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  Orkney's Underground 'Earth-houses'

A prehistoric enigma

An enigmatic type of prehistoric structure found in Orkney goes by the uninspiring title of "earth-house". Dating from the late Bronze and and early Iron Age, these earth-houses - generally known as souterrains elsewhere in Britain - usually comprise of a long, underground entrance passage leading to a round chamber.

Some British souterrains are visible above ground, but the Orcadian versions are completely subterranean. Sometimes, as in the case of the Grain earth-house, the chambers were built quite deep underground.

These chambers, of which two fine Orcadian examples remain open to the public, date from sometime in the first millennium BC. Why they were built, and what they were used for, however, remains a topic of debate. The discovery of the remains of 18 people in the Rennibister earth house in Firth really muddied the waters in this respect.

Until recently, there was little modern excavation work concentrating on Orkney’s earth houses, but their association with domestic structures, i.e. houses, led to the assumption they too had a purely domestic function - usually storage.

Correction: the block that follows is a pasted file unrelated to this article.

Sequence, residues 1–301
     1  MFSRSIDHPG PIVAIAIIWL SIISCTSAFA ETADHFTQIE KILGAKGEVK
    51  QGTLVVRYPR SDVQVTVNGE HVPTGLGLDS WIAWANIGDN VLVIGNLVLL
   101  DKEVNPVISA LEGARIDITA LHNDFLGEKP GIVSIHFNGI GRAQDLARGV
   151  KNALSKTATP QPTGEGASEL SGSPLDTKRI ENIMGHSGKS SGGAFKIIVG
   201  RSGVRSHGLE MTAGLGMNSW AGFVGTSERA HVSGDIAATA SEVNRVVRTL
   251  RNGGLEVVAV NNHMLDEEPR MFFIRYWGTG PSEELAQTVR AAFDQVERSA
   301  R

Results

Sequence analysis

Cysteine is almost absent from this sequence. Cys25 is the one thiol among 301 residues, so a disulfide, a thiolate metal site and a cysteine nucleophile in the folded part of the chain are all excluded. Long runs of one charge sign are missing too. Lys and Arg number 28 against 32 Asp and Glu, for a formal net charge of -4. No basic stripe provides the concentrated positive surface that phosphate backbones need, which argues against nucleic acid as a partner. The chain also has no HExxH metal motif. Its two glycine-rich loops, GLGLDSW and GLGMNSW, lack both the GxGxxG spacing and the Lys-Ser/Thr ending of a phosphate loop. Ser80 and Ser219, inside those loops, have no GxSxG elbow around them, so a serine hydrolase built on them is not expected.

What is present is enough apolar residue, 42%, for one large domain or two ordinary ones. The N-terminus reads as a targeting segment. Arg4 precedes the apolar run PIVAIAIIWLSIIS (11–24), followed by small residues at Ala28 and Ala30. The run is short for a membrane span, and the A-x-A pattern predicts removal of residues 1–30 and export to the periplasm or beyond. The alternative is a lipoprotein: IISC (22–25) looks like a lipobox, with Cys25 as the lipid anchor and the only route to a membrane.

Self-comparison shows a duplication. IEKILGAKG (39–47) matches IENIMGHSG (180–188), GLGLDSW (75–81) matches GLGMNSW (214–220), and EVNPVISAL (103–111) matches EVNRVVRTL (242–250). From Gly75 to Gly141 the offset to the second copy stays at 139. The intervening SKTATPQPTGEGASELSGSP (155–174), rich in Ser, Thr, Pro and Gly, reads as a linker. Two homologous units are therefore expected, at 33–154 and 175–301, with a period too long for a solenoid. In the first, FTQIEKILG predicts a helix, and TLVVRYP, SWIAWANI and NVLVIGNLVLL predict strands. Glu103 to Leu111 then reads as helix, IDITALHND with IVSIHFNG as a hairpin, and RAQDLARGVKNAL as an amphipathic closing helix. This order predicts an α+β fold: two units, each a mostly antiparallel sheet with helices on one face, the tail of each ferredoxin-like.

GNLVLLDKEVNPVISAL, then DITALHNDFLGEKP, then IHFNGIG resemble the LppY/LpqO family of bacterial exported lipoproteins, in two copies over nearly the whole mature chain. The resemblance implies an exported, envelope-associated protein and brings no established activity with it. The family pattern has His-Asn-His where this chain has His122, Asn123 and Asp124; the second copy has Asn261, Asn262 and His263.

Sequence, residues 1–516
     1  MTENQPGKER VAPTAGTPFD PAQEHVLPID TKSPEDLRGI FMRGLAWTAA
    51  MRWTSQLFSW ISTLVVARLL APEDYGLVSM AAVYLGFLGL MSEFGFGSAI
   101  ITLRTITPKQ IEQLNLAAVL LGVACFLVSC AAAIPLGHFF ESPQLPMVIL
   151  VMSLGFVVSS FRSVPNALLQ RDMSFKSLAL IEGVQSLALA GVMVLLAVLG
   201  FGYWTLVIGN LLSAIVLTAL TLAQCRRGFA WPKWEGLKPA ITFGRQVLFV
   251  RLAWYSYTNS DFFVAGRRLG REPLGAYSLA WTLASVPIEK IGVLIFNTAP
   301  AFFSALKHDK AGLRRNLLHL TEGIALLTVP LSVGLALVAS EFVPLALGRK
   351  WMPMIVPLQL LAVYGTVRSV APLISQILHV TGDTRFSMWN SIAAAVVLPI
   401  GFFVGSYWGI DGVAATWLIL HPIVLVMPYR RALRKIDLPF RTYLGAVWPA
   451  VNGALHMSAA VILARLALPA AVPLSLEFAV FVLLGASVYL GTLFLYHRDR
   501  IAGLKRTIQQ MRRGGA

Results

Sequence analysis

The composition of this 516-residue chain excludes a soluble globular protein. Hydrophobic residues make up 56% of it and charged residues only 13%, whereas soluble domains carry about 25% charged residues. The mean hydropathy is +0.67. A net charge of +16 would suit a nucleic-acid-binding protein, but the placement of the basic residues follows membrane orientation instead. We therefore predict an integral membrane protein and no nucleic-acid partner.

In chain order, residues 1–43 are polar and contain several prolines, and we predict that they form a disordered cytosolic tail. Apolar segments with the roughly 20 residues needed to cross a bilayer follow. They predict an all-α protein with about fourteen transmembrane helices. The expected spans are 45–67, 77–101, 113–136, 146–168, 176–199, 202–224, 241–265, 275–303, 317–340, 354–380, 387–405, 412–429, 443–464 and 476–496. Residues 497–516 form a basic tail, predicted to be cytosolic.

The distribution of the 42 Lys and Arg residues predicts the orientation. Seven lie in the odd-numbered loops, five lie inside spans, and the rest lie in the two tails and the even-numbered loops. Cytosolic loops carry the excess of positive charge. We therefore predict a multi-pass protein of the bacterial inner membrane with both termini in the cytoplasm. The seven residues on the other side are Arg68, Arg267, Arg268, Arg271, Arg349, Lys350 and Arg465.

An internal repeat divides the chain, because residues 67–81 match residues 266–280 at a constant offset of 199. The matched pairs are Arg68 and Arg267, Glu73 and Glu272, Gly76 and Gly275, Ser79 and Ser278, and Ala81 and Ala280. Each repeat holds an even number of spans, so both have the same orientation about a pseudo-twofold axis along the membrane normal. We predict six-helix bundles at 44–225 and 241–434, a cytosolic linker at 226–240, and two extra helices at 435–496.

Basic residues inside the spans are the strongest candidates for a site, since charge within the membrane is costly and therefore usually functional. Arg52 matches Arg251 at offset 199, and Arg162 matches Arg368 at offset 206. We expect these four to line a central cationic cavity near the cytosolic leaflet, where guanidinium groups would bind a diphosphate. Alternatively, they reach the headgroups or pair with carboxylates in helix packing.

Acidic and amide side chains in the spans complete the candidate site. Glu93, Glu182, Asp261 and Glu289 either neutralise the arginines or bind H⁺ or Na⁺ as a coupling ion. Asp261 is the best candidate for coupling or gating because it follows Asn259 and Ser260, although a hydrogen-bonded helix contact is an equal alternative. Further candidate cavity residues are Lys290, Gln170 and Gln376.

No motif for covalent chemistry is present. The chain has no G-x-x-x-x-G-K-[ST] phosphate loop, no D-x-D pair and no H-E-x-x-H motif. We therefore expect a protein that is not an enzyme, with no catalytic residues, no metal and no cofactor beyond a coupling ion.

But there are problems with this interpretation.

Firstly, there is a distinct lack of evidence to show what, if anything, was ever stored in the chambers. Secondly, as any modern visitor will attest, there are obvious difficulties involved in accessing the underground chamber.

Recent excavations however, would indicate the earth-houses were not mere storerooms but had a more ritualistic, or religious, purpose.

After three years work on an earth-house at Windwick, in South Ronaldsay, it would appear that earth-houses had as much to do with ritual, and in particular the dead, than a place to stash that season's crops.

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The guidebooks suggest that a visit to these earth houses is not for the claustrophobic.

If the thought of crawling on your knees through the entrance chamber of a chambered tomb is unpleasant, descending into the depths of the earth via a narrow, low tunnel will undoubtedly be too much.

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